And rabid debate is indeed something which glam-master Moz has never shied away from. But, if we separate the artist from the activist, we expose a polished, and thoughtfully conceived of creation. Lustful In Your Lap is a beauteous confection of intense piano chords and desirous sound effects; Home is a Question Mark a sensational skew-ways torch song given the full classic-Morrissey-vocal treatment; but it’s All the Young People Must Fall in Love and Spent the Day in Bed on which this 80’s enigma excels. Melodic potentates, their idiosyncratic, and for once infectious upbeat qualities, flaunt the musical flair of this erratic genius.
If 80’s Smiths’ Morrissey invented philosophical indie, his mid-life solo self has honed it; sharpened its lyrical edges by driving it through a hail of condescension and wilful animosity. Morrissey has a natural gift for melody, and it is through this which he redeems himself. An album of atmospheric balladry, baroque pop and egomaniacal rock, Low in High School is as unorthodox as one has come to expect from one of the leading exponents of contentious composition. It is also a finely balanced menagerie of orchestral theatrics and melodic finesse.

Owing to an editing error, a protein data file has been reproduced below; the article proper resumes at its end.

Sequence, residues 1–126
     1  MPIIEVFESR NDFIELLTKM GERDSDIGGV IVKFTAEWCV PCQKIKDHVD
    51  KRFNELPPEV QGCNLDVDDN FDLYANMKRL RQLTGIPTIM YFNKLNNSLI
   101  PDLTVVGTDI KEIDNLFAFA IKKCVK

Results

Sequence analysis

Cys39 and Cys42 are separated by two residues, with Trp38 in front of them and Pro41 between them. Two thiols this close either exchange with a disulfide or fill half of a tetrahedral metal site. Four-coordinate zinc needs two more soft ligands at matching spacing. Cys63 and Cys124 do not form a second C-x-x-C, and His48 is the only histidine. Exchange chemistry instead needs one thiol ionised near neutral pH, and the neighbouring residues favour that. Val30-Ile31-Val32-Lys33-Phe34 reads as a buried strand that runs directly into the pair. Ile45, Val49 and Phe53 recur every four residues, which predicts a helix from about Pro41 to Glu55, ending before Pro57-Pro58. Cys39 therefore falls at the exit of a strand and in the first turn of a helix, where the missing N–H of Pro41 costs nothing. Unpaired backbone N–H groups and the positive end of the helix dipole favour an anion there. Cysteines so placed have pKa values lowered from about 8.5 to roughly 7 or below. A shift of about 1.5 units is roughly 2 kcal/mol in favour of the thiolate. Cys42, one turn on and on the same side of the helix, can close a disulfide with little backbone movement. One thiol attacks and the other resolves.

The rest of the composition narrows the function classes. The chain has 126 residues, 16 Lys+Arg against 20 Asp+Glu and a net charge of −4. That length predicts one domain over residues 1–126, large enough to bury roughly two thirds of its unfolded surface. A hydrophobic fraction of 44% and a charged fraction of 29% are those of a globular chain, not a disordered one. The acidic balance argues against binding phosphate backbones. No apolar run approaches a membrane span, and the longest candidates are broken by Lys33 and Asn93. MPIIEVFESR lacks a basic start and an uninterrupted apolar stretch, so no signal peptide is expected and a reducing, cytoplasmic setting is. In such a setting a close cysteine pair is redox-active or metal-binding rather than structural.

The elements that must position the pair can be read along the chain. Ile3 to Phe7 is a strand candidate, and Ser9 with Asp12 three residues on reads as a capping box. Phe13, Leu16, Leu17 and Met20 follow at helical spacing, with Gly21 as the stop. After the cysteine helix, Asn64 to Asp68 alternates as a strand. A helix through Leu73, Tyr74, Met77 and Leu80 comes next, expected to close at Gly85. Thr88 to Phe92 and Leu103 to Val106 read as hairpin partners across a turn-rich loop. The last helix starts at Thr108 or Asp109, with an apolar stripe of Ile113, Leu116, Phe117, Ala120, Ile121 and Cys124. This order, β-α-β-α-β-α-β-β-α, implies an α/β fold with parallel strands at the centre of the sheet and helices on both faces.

DerVerdict – Accomplished musicianship, big on drama – Low in High School is an A-Z of testosterone-fuelled ballads and poison-pen letters; supers and fans of Your Arsenal will swipe right, all others probably left. Morrissey – Low in High School – is out now via étienne/BMG.
Notwithstanding its description as a “social observation” and “political” record on the face of it, Paloma Faith‘s fourth album is not an obvious socio-political commentary.
Despite being her fourth album, The Architect represents the artist’s first foray into these previously uncharted waters and in doing so, Faith joins that legion of artists of a certain age/status/’phase’ who have nonchalantly discarded those [lovelorn, wistful, broken-hearted] [wide-eyed, optimistic, all-our-lives-ahead-of-us] dreamers of yore that inspired their early catalogue. Instead, they present their ‘serious-artist’ selves as earth-parent, activist and ‘insert as appropriate’ rights campaigner, whose new found love of political discourse and social warriorship drives them forth on a mission to share their brightly burning ideologies.